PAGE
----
Commemorating the 30th Anniversary of the Tiananmen Square Massacre
My song to mark the massacre that happened in Tiananmen Square on 4th June 1989.
On June 4 1989 the Chinese government sent tanks and troops to open fire on thousands of students who were occupying Tiananmen Square in Beijing. Hundreds, maybe thousands were killed or injured. We do not know, because the government has never released the figures. We do know it responded to the student demand for greater democracy with tanks and live bullets.
The occupation of Tiananmen Square was the culmination of a democracy movement which had been gathering pace in China throughout the 1980s and which came to ahead in the spring of 1989.
In the 30 years since, the government of the People’s Republic of China has sought to erase this event from their history. Across the world efforts are made to ensure it does not succeed.
Becoming a Star: Philosophy, star-worship and the death of the Body
Shamanism and Ancient Egypt
In considering the relationships between Plato, shamanism and ancient Egypt, I am going to be questioning some deep-seated assumptions held both within Egyptology and in the history of ideas, which also extend to our current understanding of the western esoteric tradition. I believe these assumptions need to be questioned because the relationships of Plato, shamanism and ancient Egypt to each other are far more intimate and profound than one might at first suppose. By understanding the nature of these relationships, it may become possible to gain further insight not only into Platonism but also into that deep current of thought and spiritual practice known as the Hermetic tradition.
First of all, let me say that by ‘shamanism’ I mean a form of mysticism and mystical experience, typical of archaic spirituality. While of course shamanism may be approached as a sociological phenomenon of tribal societies, its specifically religious dimension is what concerns me here. Understood in this religious sense, not only is there a great deal in common between shamanism and ancient Egyptian religion, but a shamanic element could be said to be absolutely intrinsic to Egyptian religion.
Can the Theories of McGilchrist and Žižek Help in Understanding and Responding to Ideological Influences on the Delivery of Psycho-Social Care?
Introduction: McGilchrist, Zizek and Healthcare
This article developed from my work as a psychotherapist and manager within the National Health Service (NHS) from 2008 to 2017. It is a response to the ideologies influencing those areas of health policy which are related to emotional wellbeing through the United Kingdom’s statutory health services.
My work has been based on the theory put forward by McGilchrist in The Master and His Emissary (2009) that traits associated with the natural functioning of the human brain’s left hemisphere, which have evolved to enable us to analyse and manipulate the world around us, also have a propensity to distort the ways in which people mutually interact with their cultures over time. McGilchrist’s book covers two main themes: the neurology of the brain hemispheres and the cultural influence that arises from this interaction. He proposes that when they are unchecked by the moderating effect of the right hemisphere, the left hemisphere traits have an undue influence which is reflected in deleterious effects upon people and their culture.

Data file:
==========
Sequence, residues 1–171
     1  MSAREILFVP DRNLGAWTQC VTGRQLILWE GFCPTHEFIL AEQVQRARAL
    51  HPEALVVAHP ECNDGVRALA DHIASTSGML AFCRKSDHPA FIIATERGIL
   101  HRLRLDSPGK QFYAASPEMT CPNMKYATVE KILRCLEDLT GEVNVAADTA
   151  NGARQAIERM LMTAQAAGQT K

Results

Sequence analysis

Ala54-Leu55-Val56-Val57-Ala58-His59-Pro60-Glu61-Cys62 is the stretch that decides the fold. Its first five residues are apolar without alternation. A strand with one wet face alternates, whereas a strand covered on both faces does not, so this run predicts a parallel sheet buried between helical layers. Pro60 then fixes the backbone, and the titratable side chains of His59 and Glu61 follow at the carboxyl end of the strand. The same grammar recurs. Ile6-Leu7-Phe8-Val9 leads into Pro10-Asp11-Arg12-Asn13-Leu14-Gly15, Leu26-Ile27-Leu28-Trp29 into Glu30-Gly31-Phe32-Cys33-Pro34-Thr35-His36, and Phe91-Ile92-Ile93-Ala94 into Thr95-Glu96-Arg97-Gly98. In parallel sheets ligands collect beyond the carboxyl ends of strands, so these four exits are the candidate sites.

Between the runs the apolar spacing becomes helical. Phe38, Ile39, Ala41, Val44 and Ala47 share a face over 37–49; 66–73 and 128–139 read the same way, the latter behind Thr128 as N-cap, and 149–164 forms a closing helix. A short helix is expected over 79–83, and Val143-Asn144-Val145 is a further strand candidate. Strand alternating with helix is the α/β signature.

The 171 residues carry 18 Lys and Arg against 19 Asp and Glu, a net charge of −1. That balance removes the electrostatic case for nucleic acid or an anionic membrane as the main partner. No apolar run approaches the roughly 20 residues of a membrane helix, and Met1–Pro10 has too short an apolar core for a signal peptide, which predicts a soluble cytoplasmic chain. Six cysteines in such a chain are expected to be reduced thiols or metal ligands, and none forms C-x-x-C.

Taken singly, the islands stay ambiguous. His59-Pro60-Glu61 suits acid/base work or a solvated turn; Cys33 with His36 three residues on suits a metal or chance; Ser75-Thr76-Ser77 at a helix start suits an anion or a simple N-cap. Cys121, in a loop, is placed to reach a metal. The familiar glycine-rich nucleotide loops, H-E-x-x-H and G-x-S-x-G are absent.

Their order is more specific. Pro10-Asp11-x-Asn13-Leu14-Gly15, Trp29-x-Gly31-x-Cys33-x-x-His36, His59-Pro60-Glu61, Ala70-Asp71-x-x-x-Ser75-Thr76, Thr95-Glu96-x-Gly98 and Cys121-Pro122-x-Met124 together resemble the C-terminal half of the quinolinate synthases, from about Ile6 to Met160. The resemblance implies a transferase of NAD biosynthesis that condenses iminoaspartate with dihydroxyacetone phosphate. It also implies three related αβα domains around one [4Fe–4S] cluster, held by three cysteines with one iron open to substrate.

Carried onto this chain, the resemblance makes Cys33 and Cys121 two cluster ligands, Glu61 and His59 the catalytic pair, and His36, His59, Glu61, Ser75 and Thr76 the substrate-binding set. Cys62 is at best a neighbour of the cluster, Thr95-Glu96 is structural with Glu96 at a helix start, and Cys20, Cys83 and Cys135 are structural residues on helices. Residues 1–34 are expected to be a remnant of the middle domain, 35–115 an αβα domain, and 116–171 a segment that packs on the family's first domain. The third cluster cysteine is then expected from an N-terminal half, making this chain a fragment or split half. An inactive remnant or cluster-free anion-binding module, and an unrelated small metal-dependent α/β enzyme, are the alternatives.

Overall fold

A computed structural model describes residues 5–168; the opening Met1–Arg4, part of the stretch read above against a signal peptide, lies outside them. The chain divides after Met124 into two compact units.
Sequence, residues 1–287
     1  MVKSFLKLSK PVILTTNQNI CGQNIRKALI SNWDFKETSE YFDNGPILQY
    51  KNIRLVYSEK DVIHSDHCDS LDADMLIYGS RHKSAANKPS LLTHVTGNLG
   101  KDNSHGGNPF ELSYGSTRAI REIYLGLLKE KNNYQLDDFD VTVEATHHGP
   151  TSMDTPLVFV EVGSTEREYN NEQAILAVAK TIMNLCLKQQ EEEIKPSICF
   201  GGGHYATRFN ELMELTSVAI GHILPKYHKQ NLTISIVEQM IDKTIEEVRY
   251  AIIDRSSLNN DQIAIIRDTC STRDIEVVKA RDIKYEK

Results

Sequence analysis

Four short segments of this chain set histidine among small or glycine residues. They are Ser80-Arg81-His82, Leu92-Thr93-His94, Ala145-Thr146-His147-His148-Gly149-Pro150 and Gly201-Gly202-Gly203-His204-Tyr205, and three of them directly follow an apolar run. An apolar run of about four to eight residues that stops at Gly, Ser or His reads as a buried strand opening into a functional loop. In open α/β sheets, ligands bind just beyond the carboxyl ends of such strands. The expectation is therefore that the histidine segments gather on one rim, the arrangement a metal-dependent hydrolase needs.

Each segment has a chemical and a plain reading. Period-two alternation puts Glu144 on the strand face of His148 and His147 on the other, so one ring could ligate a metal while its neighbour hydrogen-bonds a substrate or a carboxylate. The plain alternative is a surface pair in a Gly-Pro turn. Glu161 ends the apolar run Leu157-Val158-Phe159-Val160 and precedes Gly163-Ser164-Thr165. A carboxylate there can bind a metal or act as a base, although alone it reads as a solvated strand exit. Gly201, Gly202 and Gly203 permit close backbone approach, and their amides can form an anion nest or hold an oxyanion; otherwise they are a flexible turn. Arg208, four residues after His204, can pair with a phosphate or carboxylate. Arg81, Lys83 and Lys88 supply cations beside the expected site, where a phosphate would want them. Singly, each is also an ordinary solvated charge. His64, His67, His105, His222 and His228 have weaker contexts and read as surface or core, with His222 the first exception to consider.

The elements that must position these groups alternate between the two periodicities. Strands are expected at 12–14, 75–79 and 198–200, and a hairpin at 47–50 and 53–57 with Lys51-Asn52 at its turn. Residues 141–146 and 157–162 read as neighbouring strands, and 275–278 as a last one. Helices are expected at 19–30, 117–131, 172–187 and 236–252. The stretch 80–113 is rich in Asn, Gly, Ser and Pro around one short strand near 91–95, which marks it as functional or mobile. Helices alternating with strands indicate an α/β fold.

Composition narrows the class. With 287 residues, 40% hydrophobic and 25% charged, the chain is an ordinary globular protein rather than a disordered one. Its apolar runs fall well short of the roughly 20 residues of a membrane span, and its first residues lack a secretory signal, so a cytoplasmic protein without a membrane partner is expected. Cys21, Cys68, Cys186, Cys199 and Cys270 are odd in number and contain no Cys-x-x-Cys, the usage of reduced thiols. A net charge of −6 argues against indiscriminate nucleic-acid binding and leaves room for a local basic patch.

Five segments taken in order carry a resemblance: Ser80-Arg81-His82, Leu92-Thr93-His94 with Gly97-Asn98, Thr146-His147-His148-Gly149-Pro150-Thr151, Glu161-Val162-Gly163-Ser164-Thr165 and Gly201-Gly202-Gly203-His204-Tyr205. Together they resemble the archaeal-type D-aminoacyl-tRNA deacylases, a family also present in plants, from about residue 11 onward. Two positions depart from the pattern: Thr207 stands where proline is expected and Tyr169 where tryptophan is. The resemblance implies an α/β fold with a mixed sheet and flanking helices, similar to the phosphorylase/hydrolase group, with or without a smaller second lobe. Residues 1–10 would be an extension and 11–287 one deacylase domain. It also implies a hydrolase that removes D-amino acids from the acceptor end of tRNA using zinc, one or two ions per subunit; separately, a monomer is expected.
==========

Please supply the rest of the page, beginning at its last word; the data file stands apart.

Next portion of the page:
McGilchrist explores many cultural aspects but he does not include an overall sociological viewpoint from which to study the wider societal impact of his theory, and it is here that I turn to the work of Žižek, who writes extensively about ideology as well as many of the problems confronting societies today, such as subjectivity, capitalism, human migration and social exclusion.
What’s Missing?: What Michael Jackson, Wade Robson, and James Safechuck reveal about Childhood, Sexuality, and the Entertainment Industry
Introduction: Leaving Neverland
‘Never Leaving Neverland’ might’ve been a better title for this recent high-profile HBO documentary, given its relentless focus on the Neverland ranch as the sole cause of Wade Robson and James Safechuck’s later mental health difficulties.
Michael Jackson and Wade Robson
The exhaustive 4-hour documentary explores allegations made by Robson and Safechuck that they were sexually abused as children by the singer Michael Jackson. Robson and Safechuck are clearly articulate and thoughtful people, which lends their allegations initial credibility and persuasiveness.
But the documentary is equally striking for its one-sidedness, as many commentators (from Rolling Stone to Entertainment Weekly) note. “They have provided no independent evidence and absolutely no proof in support of their accusations. The two accusers testified under oath that these events never occurred.” It’s certainly striking that in 2009 Wade wrote that Jackson was ”one of the main reasons I believe in the pure goodness of human kind”, given what he now claims. His earlier court statements absolutely denying any sexual wrong-doing on the part of Jackson are as convincing as his later statements that Jackson was, in fact, a serial paedophile.
Vala’s Reich: The Idealisation of Nature and the Denigration of Humanity
It may come as a surprise to learn that the history of ecological politics has not always been inherently and necessarily progressive and benign. In fact, ecological ideas have a history of being distorted and placed in the service of highly regressive ends — even of fascism itself. As this article shows, important tendencies in German “ecologism,” which has long roots in nineteenth-century nature mysticism, fed into the rise of Nazism in the twentieth century.
During the Third Reich, Nazi “ecologists” even made organic farming, vegetarianism, nature worship, and related themes into key elements not only in their ideology but in their governmental policies. Moreover, Nazi “ecological” ideology was used to justify the destruction of European Jewry. Yet some of the themes that Nazi ideologists articulated bear an uncomfortably close resemblance to themes familiar to ecologically concerned people today.